It’s suddenly mid-December, so it’s time for my annual writing wrap-up / awards eligibility post. I had six pieces of original short fiction published in 2022. In no particular order, they are:
“Rewind” (1,000 words) at The Dread Machine. This is a second person, told-in-reverse ghost story that was recently shortlisted for 2022’s Brave New Weird.
“Juliette locks the caravan doors behind her, shutting out the mid-morning sun. She slips off her aviator sunglasses when she notices you’re conscious, and her eyes look brighter than they ever did at school, like she’s become fully alive out here. Maybe that’s how all of the living will seem, now that you’re a ghost.”
“Restoration” (200 words) at Stupefying Stories. This one’s about taking back-ups of yourself, and it came 3rd in the ‘Ice’ competiton of The Pete Wood Challenge.
“My wife and I go to get scanned every four months; every quark that we’re made up of is recorded as a back-up. Our physical and mental states in that moment put figuratively on ice.”
“Neuro” (5,100 words) in The Art of Being Human anthology. This is a piece about recording and playing our life experiences (including touch, smells, temperature etc.) like we would currently do with YouTube videos.
“Immediately, my sensations started to shift, like falling gently out of a dream. The first thing I noticed was the heat: the sun radiating down, the warm breeze ruffling my shirt, the hot sand between my toes. The light was so much brighter, reflecting off the dunes and waves, than in my bedroom, but my new eyes were almost used to it. Then my new body—the body I was borrowing, the body of the woman who originally recorded that experience—started to move, and I was overwhelmed by the difference between our physical realities. How her longer, athletic legs travelled with such fluidity down the beach. How her smaller breasts didn’t bounce as we walked. The sensation of where her shoulders and nose sat in space. And she was so happy, so content. I could feel it through her whole body, her whole mind.”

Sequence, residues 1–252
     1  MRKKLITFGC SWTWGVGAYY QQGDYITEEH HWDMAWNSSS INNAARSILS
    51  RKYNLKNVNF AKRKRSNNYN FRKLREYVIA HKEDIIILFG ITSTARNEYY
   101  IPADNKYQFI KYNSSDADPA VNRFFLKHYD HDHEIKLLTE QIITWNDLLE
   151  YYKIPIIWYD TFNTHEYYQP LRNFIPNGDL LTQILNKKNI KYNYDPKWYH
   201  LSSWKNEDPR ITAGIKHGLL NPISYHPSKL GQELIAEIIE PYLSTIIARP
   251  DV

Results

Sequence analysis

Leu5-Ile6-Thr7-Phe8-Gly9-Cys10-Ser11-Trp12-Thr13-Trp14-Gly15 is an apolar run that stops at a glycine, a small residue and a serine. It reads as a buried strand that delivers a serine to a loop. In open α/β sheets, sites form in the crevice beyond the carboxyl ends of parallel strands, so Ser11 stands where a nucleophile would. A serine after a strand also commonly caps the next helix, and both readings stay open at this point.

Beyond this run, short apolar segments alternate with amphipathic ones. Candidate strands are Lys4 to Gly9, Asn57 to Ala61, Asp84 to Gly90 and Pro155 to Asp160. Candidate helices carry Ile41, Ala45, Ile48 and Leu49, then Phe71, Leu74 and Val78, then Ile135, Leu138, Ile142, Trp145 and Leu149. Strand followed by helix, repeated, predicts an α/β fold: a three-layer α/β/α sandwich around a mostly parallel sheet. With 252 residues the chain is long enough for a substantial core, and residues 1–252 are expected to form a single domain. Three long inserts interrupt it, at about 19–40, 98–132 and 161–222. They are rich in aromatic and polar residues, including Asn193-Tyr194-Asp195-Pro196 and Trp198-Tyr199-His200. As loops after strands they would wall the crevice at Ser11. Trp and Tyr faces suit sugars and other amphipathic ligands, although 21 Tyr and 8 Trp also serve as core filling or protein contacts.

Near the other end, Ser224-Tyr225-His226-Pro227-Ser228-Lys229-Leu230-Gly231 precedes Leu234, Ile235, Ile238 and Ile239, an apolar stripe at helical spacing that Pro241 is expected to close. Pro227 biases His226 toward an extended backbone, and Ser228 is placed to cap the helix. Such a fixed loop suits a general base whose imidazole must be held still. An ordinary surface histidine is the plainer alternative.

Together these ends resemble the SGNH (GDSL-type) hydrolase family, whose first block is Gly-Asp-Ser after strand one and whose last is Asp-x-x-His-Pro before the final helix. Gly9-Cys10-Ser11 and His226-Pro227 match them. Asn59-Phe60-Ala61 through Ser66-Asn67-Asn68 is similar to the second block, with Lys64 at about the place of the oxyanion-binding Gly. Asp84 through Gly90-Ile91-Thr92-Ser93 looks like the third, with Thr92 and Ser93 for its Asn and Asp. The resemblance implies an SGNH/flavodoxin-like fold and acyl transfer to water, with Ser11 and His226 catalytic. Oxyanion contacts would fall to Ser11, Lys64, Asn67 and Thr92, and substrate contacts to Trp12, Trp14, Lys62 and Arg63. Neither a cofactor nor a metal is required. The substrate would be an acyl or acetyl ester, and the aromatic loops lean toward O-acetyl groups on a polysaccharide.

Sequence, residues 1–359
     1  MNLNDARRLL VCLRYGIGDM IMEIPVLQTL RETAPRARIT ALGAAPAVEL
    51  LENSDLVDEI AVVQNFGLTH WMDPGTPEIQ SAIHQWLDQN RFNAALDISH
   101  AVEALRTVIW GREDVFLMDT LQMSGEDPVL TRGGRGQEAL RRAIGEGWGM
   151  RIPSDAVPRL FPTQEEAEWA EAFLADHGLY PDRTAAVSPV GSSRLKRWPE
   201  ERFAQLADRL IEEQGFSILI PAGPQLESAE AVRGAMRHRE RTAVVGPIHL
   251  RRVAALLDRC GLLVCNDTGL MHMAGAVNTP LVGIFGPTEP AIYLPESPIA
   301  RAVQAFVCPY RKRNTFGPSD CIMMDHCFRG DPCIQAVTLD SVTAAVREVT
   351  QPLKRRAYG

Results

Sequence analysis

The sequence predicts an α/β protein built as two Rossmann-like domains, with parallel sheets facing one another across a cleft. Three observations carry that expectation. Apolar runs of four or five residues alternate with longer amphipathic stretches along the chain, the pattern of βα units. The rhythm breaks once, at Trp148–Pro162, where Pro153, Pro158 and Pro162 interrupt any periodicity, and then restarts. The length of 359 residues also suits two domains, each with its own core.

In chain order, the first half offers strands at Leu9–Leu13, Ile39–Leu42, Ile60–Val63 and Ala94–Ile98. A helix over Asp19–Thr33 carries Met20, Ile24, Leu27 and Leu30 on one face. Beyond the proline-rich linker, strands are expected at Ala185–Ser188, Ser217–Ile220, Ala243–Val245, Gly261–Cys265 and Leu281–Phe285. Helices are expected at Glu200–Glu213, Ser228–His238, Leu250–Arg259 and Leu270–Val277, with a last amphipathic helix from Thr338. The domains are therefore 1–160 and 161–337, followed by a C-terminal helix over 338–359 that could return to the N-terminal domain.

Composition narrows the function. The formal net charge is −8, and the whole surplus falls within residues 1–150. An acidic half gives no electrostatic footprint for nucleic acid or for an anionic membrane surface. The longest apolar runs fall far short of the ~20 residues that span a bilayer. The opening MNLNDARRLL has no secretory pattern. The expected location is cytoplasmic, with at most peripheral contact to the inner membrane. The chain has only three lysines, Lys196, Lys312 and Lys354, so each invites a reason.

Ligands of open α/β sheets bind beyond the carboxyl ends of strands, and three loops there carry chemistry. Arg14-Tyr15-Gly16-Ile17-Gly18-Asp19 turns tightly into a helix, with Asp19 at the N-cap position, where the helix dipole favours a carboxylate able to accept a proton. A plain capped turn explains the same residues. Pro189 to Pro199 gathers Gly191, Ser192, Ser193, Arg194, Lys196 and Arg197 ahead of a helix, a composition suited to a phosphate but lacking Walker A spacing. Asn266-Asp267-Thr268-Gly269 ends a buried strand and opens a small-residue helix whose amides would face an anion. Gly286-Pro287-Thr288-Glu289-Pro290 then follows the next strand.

“Inheritance” (200 words) at Stupefying Stories. This one’s about inheriting your family’s memories, and it came 2nd in the ‘Haunted’ competition of The Pete Wood Challenge.
“They tell me that taking the memory pill is when you really become an adult.”
“The White Factory” (1,600 words) came out in The Quarter(ly) Vol. III. Many women with the same name are invited into a converted factory to play a game; they have to collect as many rings as possible from a maze of puzzle rooms.
“One day in late spring, 108 women named Nicole gather outside a large white building that was once a factory. Within the first five minutes we discover we share the same name, and after that it takes only slightly longer to uncover that we had all had our 27th birthday exactly two weeks ago.”
And finally, “Faewild” (5,000 words) was published in Wyldblood 10. This is my love letter to the monster taming / creature collection genre, including a monster taming boarding school and illegally travelling to the dark realm that the monsters come from.
“The boys downstairs had gotten louder, like they may have ascended to the next floor. The salve on Emory’s dirty hand had already begun to dry and crack, and deciding that she couldn’t wait any longer, she crossed her fingers amongst the flakes so tightly that her joints hurt. Then she retrieved the Fae Cube from within the portal and felt in the darkness for the latch. Miraculously, it had flipped to horizontal, for locked. Something was inside. Relief flooded her whole body like plunging into a hot spring; she had caught something.”
I’ll also be doing my usual end-of-the year video plus my 2022 Short Fiction Recommendations List (aka ‘some of my favourite stories I’ve read this year’), but I wanted to get this out first before it got too late in December!
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